How can colleges bridge the gaps between employers and campuses -- and between what students think they want and what the labor force is demanding?

The experience of Brandman University in California might offer some insight. Brandman is part of the Chapman University system, with 25,000 degree and certificate students, classes offered online, and campuses in California and Washington. It is also heavily involved in employer-funded degree programs and competency-based education.

Brandman's chancellor and chief executive officer, Gary Brahm, described what he called "backwards program design." It involves designing degree programs by looking at the knowledge, skills and capabilities that will help employment outcomes.

Competencies from professional certifications can also be important, whether they are drawn from the Institute of Supply Management or Microsoft. Competencies can be acknowledged through credentials other than a degree, such as badges students can earn.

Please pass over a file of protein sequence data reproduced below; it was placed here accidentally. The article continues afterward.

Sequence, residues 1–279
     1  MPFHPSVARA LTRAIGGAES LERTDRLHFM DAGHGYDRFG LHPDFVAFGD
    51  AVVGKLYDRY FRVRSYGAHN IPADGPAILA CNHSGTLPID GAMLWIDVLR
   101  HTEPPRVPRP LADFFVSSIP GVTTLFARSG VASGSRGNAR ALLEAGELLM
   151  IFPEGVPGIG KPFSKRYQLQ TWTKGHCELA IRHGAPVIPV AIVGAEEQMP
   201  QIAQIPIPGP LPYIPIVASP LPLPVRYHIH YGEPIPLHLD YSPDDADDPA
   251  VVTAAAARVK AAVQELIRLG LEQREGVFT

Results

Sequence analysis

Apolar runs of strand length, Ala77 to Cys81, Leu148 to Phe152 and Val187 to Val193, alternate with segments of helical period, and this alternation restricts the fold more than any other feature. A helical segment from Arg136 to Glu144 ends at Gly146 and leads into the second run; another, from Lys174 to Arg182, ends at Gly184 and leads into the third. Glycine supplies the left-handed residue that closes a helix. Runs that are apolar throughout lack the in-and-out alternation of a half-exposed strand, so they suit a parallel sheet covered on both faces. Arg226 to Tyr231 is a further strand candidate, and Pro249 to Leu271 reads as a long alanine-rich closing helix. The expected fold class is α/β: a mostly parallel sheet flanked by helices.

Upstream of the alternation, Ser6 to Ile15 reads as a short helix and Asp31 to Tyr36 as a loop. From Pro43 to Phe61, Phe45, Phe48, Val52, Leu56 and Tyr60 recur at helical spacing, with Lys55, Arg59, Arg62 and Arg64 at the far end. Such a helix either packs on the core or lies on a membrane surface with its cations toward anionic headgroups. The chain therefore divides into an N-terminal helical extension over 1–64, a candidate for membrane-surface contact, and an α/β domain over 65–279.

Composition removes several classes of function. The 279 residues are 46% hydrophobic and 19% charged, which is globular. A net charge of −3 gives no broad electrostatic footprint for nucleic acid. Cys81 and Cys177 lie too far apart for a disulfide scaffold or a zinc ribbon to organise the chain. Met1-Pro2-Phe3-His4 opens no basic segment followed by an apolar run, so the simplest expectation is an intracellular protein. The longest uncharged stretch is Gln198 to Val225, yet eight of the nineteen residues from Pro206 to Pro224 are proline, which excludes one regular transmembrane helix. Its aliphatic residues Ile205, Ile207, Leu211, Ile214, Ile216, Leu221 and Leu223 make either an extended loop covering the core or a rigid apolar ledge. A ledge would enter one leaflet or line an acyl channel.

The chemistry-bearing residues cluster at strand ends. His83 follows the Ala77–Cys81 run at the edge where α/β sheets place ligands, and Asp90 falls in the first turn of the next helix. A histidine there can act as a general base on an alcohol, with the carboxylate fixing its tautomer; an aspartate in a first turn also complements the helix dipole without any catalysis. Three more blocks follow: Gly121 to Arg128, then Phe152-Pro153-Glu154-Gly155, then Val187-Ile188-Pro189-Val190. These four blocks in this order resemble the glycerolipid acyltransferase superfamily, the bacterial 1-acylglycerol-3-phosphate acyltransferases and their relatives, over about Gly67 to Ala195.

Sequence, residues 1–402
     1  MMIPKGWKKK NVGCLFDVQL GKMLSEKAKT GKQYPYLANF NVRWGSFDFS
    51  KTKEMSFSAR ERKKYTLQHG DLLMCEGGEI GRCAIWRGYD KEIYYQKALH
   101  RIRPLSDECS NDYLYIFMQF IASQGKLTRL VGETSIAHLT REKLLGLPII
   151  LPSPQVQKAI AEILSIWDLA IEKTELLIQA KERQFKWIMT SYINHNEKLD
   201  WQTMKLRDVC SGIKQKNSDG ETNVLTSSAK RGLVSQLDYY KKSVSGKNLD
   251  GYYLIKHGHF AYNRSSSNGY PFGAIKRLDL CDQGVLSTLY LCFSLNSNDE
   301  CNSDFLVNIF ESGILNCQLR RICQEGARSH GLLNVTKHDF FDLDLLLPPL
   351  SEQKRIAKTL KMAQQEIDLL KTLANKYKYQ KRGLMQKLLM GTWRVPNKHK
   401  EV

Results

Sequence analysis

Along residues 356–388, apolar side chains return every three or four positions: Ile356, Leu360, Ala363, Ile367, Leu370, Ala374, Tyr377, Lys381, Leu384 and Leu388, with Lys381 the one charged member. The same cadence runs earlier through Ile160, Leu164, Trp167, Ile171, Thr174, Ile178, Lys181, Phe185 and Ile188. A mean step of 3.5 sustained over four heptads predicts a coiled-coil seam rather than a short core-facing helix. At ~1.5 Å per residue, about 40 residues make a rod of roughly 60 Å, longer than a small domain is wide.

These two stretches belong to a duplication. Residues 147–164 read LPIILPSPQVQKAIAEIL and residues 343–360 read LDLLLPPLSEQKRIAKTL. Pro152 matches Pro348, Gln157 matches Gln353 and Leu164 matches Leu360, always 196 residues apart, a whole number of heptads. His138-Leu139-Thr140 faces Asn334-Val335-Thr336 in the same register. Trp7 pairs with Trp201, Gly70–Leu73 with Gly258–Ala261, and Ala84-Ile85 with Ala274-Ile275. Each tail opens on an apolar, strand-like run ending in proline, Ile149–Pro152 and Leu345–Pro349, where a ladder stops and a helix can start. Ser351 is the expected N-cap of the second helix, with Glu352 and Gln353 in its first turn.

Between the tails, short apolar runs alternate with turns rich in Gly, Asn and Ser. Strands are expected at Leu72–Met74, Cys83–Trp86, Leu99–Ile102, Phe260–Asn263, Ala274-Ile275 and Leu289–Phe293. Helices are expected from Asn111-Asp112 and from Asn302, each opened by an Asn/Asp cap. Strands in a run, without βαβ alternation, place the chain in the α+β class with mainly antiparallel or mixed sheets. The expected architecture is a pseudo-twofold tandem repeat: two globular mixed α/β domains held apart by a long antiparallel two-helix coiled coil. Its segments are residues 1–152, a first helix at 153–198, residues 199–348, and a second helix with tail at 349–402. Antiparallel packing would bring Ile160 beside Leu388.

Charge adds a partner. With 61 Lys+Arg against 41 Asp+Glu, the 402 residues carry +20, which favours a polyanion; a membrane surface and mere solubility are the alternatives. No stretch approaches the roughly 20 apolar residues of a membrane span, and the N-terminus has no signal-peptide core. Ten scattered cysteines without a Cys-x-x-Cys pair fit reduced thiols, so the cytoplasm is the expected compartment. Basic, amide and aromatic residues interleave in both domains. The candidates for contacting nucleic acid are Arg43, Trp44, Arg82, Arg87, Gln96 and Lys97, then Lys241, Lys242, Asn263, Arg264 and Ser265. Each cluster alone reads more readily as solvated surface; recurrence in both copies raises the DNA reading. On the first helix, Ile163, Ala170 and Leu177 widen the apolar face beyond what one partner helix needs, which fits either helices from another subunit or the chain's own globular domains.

Degree programs can be validated by employers and outside sources of workplace data, such as Burning Glass, to ensure the skills really match employer needs and wants.

Brahm also stressed a need to make sure students are picking up the competencies.

“Because we will embed these competencies across the curriculum, we need to have institutionally developed standardized testing to measure how well you're doing,” he said.

Much of that is a way for colleges to learn from employers and about the job market. It may be necessary work and work that some institutions are already doing -- and it may be largely new for some institutions.

Many of the college presidents in attendance Monday were happy to hear an employer, BlackRock, valuing what they already do.

“In a world where in fact the most important expertise is learning, how much do we have to learn from you all?” McBride said. “Everything.”